Baltic bliss-- well, aside from the wind.

Trip Start Mar 31, 2011
Trip End Jul 05, 2011

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Where I stayed
Barons Boutique Hotel Tallinn
Read my review - 5/5 stars

Flag of Latvia  ,
Saturday, April 9, 2011

We got into Riga at about 6:30 PM on Saturday, and it is much bigger than Tallinn! We got off to a pretty rough start-- Dad had a mishap with the ATM while trying to get Latvian lats, and his debit card disappeared into oblivion. So we got tram tickets in a big hurry and booked it to the hostel to use their phone. We had to climb up 8 flights of stairs with our backpacks on! Good thing we were anxious so the adrenaline helped a bit-- 8 flights with 35 lbs of shit on your back is a sad problem. But the hotel is lovely and the staff was exceedingly helpful. After about 20 minutes with the receptionist and 20 minutes on the Internet, we gave up trying to figure out how to call the credit card company collect (which is what they told him to do). So I had my first experience with Skype calling, and it was extremely positive! It only costs 1.9 cents per minute to call the US on Skype. Amazing! Here is a fun useless piece of information-- Skye was invented in Estonia! Too bad we didn't make our inaugural skype call there. 
Anyway, after the debit card fiasco, it had gotten dark in Riga and we weren't in the mood to get too lost by trying to find Old Town. So we just went to the grocery store to buy some water bottles and hit up a cafe right by the hotel. It was excellent, just as we suspected. I know I've said it 10 times, but the food in this region is extremely tasty and high quality. Hope the trend continues. 
The next  morning we learned that our hostel provides food for us to make our own breakfast, so I pulled out my little bag of cooking essentials (garlic salt, hot sauce) and made egg sandwiches! I hadn't realized how much I missed egg sandwiches-- they weren't quite right because cheddar cheese doesn't seem to exist in this region, but they were still awesome.  The weather had warned clouds, but the sun was shining bright and the sky was perfectly blue. Two beautiful days in a row, how lucky! This time of the year is not famous for weather in the Baltics... the wind is pretty fierce and the sky is usually cloudy. But not today!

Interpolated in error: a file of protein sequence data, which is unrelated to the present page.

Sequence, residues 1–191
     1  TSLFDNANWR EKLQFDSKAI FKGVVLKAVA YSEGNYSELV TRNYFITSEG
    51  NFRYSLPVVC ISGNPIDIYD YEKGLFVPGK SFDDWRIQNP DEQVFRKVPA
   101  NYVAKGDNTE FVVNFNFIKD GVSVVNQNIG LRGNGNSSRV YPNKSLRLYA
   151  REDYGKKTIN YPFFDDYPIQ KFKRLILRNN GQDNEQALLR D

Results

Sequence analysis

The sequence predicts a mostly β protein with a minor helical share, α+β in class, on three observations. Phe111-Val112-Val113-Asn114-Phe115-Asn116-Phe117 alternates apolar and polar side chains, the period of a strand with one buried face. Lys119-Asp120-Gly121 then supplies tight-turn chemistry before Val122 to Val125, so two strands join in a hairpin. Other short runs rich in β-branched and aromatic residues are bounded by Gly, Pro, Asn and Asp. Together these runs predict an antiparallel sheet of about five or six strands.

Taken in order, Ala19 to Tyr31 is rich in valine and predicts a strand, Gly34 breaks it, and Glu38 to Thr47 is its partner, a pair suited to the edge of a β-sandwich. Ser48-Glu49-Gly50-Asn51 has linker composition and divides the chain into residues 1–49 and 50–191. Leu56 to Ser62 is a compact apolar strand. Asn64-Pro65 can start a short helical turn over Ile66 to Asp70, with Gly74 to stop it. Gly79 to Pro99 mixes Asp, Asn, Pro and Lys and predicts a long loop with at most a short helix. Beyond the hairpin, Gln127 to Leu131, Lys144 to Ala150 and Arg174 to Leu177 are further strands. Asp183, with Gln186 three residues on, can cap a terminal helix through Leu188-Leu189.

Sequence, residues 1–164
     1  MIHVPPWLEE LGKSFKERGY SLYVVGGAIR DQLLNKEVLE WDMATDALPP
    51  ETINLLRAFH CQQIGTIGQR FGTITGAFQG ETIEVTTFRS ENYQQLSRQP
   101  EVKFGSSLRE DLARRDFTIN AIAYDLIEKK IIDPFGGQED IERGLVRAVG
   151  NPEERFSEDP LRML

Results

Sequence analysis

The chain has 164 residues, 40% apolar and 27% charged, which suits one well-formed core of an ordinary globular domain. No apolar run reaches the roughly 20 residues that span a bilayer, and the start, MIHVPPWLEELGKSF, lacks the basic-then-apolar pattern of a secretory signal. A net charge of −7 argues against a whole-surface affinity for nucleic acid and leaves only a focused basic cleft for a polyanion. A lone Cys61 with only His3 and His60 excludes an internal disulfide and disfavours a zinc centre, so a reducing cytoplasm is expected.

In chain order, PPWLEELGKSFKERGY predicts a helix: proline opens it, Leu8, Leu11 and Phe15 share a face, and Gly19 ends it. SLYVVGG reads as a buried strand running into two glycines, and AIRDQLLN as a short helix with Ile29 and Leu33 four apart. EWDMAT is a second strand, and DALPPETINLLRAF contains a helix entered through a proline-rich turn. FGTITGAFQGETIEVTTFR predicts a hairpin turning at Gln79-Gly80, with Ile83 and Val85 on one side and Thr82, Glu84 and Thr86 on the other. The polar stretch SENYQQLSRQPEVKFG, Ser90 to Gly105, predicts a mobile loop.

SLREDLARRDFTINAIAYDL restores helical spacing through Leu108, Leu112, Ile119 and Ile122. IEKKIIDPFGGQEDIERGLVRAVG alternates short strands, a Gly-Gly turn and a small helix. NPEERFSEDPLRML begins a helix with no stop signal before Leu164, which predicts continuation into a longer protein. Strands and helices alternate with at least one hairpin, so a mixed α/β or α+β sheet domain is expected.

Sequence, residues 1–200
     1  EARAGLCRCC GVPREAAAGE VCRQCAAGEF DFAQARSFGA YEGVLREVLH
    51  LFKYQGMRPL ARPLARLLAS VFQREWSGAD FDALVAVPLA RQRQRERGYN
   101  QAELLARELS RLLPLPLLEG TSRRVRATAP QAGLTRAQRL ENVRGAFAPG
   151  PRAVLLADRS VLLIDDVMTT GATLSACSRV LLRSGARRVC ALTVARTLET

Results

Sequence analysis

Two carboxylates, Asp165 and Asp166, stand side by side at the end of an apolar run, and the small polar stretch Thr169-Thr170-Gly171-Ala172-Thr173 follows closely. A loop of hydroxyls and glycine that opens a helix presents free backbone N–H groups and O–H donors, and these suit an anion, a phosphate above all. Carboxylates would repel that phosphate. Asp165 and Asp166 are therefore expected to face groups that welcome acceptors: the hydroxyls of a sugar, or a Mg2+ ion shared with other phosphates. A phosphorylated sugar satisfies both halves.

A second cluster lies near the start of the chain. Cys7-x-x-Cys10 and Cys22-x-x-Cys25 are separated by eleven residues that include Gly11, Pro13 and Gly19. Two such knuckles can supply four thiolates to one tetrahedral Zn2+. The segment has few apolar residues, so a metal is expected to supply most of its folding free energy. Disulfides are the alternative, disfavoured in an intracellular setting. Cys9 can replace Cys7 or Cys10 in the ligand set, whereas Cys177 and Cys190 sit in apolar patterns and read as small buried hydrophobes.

We headed to Old Town, which I was expecting to be pretty similar to Estonia, but it was markedly different. The buildings here are taller and have more elaborate facades, complete with beautiful statues of gargoyles and mermaids and other creatures of that sort. We encountered all sorts of street performers-- apparently Latvia is known for their musical prowess. During the occupation, there were protests known as the "Singing Revolution," where everyone would sing together. Sounds pretty intense-- I bet the Germans didn't have a clue what to do! We spent about half the day cruising around Old Town then headed up to the Art Nouveau district. This district had a few streets that had breathtaking architecture. Most of the buildings are actually foreign embassies. Much prettier than any other embassies I've seen.  
A few interesting things that I've noticed about Latvia: the Old Town has a ton of temporary plastic structures that function as bars during the day, then disappear at night when the real bars open for business. I guess this is so that tourists like us can drink Latvian beer at all hours of the day! Speaking of, Latvian (and Estonian) beer is really really good! It tastes pretty similar to the European imports that we get in the US, except richer and obviously more fresh. Also, there are street vendors/restaurants all through the Baltics and Russia that sell crepes! They are called various different names, but they are pretty much the same: thin pancakes filled with goodies. For whatever reason, I've always thought that crepes were uniquely French, but silly me! I hope there are also crepes all through the rest of Europe, because they make for a cheap and delicious snack. Also, all of the restaurants take credit cards, but they bring out a little contraption to your table so that you can slide it yourself. It makes me feel much better about using a credit card-- some places in Central America take your credit card into a little back room and disappear for a few minutes before reemerging without a receipt. At least here we know exactly where our card is at all times. 
After a short rest, we went back to Old Town for dinner. We went to a little traditional Latvian restaurant and the food was excellent, and there was a singer running around who must have been 7 feet tall. I had roasted chicken served with pears and berries marinated in red wine, beer hollindaise, and reduced soy sauce drizzled on top. It was so good! Then we had rye pudding with dried berries and fresh cream (cream fraise) for dessert-- very traditional and delicious, despite how strange the combination of flavors. I didn't really know what to expect as far as food in the Baltics, but we have encountered nothing but delicious meals time and time again. We read that Latvian food is especially hearty/unhealthy to help them get through the frigid winters... which we can totally sympathize with. It is freezing cold here with a brutal wind, and it is mid April! I can't even fathom how cold it must be in the dead of winter. Plus, we are far enough north that the length of sunlight is extremely variable depending on the time of year. So we've been having about 16 hours of sunlight so far, but they get less than 6 in the winter. Sounds brutal to me.